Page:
20 Apr 2011

The Donald and 2012

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Donald Trump is manifestly not all that bright. Educationally, he makes Sarah Palin look like Erasmus, and he has truly execrable taste: running to the Mafioso Miami school of interior design and that signature combover hairdo. But he has lately been doing great in Republican polls, while amusing a lot of the country by taking potshots at the mystery of Barack Obama’s unwillingness to release his long-form birth certificate.

David Brooks describes why Donald Trump strikes a deep cultural chord.

[T]here has always been a fan base for the abrasive rich man. There has always been a market for books by people like George Steinbrenner, Ross Perot, Bill O’Reilly, Rush Limbaugh, Bobby Knight, Howard Stern and George Soros. There has always been a large clump of voters who believe that America could reverse its decline if only a straight-talking, obnoxious blowhard would take control. …

He is riding something else: The strongest and most subversive ideology in America today. Donald Trump is the living, walking personification of the Gospel of Success.

It is obligatory these days in a polite society to have a complicated attitude toward success. If you attend a prestigious college or professional school, you are supposed to struggle tirelessly for success while denying that you have much interest in it. If you do achieve it, you are expected to shroud your wealth in locally grown produce, understated luxury cars and nubby fabrics.

Trump, on the other hand, is utterly oblivious to such conventions. When it comes to success, as in so many other things, he is the perpetual boy. He is the enthusiastic adventurer thrilled to have acquired a gleaming new bike, and doubly thrilled to be showing it off.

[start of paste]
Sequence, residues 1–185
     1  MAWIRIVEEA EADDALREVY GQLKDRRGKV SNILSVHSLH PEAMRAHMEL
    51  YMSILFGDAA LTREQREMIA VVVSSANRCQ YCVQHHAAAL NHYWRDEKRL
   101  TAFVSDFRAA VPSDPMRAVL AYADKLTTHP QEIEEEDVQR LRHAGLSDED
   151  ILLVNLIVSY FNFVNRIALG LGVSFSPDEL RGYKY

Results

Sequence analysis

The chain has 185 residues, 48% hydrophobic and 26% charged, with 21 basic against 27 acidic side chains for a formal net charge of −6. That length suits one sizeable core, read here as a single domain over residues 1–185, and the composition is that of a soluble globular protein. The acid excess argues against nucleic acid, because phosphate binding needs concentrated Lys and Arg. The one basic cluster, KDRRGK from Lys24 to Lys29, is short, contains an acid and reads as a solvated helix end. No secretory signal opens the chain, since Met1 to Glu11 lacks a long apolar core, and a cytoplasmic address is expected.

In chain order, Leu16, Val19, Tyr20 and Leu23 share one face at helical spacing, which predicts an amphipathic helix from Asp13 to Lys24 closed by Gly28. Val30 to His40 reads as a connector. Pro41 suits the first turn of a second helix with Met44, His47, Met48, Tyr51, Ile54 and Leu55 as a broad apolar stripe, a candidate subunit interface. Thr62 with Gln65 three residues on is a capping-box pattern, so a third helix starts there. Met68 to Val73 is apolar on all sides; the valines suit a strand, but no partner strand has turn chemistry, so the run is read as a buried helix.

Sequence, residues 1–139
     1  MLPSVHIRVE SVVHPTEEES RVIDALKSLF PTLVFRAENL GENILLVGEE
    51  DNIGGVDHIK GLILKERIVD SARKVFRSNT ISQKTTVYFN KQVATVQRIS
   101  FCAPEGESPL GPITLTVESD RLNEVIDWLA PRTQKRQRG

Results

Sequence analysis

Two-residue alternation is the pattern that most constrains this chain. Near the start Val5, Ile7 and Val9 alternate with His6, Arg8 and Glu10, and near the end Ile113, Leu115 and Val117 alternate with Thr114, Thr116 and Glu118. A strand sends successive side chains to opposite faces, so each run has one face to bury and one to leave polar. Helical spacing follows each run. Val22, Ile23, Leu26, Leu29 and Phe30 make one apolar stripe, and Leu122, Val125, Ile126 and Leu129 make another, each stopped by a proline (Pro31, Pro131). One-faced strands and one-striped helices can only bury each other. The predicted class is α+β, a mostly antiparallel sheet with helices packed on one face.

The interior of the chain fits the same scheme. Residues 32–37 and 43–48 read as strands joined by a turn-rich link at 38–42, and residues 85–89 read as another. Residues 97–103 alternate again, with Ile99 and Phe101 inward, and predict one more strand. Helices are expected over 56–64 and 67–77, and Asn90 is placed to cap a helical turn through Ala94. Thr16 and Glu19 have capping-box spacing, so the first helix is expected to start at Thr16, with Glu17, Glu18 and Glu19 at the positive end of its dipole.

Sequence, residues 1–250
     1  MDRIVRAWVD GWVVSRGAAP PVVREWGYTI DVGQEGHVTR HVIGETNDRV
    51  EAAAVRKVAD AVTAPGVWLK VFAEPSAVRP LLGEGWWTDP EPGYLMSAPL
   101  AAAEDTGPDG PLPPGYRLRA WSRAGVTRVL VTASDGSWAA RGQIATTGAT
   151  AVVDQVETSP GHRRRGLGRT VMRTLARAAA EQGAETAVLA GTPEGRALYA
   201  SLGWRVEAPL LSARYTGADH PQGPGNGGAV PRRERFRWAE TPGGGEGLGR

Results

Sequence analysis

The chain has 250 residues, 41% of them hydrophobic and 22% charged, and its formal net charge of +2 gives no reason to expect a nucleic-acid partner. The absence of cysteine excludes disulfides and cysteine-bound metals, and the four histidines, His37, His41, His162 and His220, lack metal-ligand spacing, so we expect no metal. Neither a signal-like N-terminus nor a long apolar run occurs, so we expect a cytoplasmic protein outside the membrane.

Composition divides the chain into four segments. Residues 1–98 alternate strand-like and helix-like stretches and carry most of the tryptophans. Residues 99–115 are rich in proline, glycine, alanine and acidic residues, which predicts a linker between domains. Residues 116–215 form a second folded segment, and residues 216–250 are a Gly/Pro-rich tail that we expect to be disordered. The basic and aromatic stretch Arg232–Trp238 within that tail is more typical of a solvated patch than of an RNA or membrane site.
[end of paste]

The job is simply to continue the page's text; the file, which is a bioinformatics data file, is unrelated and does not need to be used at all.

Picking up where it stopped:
He labors under the belief — unacceptable in polite society — that two is better than one and that four is better than two. If he can afford a car, a flashy one is better than a boring one. In private jets, lavish is better than dull. In skyscrapers, brass is better than brick, and gold is better than brass.

This boyish enthusiasm for glory has propelled him to enormous accomplishment. He has literally changed the landscape of New York City, Chicago, Las Vegas and many places in between. He has survived a ruinous crash and come back stronger than ever.

Moreover, he shares this unambivalent attitude toward success with millions around the country. Though he cannot possibly need the money, he spends his days proselytizing the Gospel of Success through Trump University, his motivational speeches, his TV shows and relentlessly flowing books.

A child of wealth, he is more at home with the immigrants and the lower-middle-class strivers, who share his straightforward belief in the Gospel of Success, than he is among members of the haute bourgeoisie, who are above it. Like many swashbuckler capitalists, he is essentially anti-elitist.

Now, I don’t mean to say that Donald Trump is going to be president or get close. There is, for example, his hyper-hyperbolism and opportunism standing in the way. …

But I do insist that Trump is no joke. He emerges from deep currents in our culture, and he is tapping into powerful sections of the national fantasy life.

In my own hyper-elitist way, I am every bit as anti-elitist (when our so-called elite is in question) as Donald Trump, and I have been enjoying the spectacle of Trump giving Obama a hard time.

I’d be delighted to have the GOP National Committee agree to give Donald Trump a special bit of air time late on election evening of November in 2012 to point his index finger, and on behalf of America, say “Barack Obama, you’re fired!”

But Donald Trump falls decidedly into Glenn Reynolds’ syphylitic camel category of candidates. We just have to hope hope that The Donald is sufficiently patriotic to get out of the way of a more serious Republican contender and does not decide to play the role of a Perot.

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One Feedback on "The Donald and 2012"

Julie Kinnear

How is it possible that such a trivial issue as Obama’s birth certificate takes priority over the most daunting problems that the US faces in the area of economy or national security? I can’t understand this.



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